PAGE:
Dr. Bruno Michel at IBM Research told Interesting Engineering, "Compared to today's top computers… the human brain is roughly 10,000 times denser and 10,000 times more energy-efficient.” He added, “The research team believes that their approach could reduce the size of a computer with a performance of 1 petaflop/s from the dimensions of a school classroom to that of an average PC, or in other words to a volume of about 10 liters (2.4 gallons)." A working model isn’t expected to be ready until 2030.

Researchers in the Soft Machines Lab at Carnegie Mellon University have also developed a liquid metal prototype, which they believe will replace transistors. They’ll form liquid transistors, which will be both versatile and self-repairing. The alloy is comprised of a combination of indium and gallium.

To see the liquid robot from the U.K., click here:

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Scientists study tattooed corpses, find pigment in lymph nodes

It turns out, that tattoo ink can travel throughout your body and settle in lymph nodes.

17th August 1973: An American tattoo artist working on a client's shoulder. (Photo by F. Roy Kemp/BIPs/Getty Images)
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In the slightly macabre experiment to find out where tattoo ink travels to in the body, French and German researchers recently used synchrotron X-ray fluorescence in four "inked" human cadavers — as well as one without. The results of their 2017 study? Some of the tattoo ink apparently settled in lymph nodes.


Image from the study.

As the authors explain in the study — they hail from Ludwig Maximilian University of Munich, the European Synchrotron Radiation Facility, and the German Federal Institute for Risk Assessment — it would have been unethical to test this on live animals since those creatures would not be able to give permission to be tattooed.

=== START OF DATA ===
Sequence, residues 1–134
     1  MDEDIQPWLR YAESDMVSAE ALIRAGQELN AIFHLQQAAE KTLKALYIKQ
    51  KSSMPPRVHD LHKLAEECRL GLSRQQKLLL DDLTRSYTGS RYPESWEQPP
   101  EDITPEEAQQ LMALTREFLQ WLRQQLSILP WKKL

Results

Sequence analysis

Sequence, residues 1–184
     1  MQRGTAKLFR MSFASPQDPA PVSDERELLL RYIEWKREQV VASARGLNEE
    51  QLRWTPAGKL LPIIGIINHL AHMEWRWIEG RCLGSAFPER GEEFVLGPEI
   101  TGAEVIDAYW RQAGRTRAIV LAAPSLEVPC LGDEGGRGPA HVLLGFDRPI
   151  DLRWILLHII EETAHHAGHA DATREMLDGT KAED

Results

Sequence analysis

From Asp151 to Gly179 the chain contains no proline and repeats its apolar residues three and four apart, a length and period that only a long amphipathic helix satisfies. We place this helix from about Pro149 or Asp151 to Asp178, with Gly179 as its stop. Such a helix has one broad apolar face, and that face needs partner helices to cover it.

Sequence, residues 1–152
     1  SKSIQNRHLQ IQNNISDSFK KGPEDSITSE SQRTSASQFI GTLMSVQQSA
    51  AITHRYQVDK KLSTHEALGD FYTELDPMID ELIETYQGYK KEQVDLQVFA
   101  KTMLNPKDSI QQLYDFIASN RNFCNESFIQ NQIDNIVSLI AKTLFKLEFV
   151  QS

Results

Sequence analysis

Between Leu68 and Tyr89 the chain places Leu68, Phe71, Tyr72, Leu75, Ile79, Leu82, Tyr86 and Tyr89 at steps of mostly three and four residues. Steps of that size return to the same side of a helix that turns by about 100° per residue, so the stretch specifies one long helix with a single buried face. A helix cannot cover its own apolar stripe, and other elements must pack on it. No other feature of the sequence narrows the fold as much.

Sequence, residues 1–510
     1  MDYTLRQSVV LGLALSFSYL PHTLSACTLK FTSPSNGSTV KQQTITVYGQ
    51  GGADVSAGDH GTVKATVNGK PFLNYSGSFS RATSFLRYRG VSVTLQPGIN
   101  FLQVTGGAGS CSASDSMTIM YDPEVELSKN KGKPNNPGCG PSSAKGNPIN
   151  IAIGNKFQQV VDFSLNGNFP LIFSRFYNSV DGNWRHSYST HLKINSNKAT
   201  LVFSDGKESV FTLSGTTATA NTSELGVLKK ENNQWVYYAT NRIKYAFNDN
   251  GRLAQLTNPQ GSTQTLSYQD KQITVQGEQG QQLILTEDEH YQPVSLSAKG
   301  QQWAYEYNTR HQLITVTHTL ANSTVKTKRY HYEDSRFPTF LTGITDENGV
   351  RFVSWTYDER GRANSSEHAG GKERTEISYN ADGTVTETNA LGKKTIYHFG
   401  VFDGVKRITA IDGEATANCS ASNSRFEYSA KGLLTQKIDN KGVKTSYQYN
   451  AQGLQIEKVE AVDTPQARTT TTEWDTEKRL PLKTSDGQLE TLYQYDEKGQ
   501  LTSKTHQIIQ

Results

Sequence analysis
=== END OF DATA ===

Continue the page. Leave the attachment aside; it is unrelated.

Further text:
Because of the prevalence of tattoos these days, the researchers wanted to find out if the ink could be harmful in some way.

"The increasing prevalence of tattoos provoked safety concerns with respect to particle distribution and effects inside the human body," they write.

It works like this: Since lymph nodes filter lymph, which is the fluid that carries white blood cells throughout the body in an effort to fight infections that are encountered, that is where some of the ink particles collect.

Image by authors of the study.

Titanium dioxide appears to be the thing that travels. It's a white tattoo ink pigment that's mixed with other colors all the time to control shades.

The study's authors will keep working on this in the meantime.

“In future experiments we will also look into the pigment and heavy metal burden of other, more distant internal organs and tissues in order to track any possible bio-distribution of tattoo ink ingredients throughout the body. The outcome of these investigations not only will be helpful in the assessment of the health risks associated with tattooing but also in the judgment of other exposures such as, e.g., the entrance of TiO2 nanoparticles present in cosmetics at the site of damaged skin."

Photo by Alina Grubnyak on Unsplash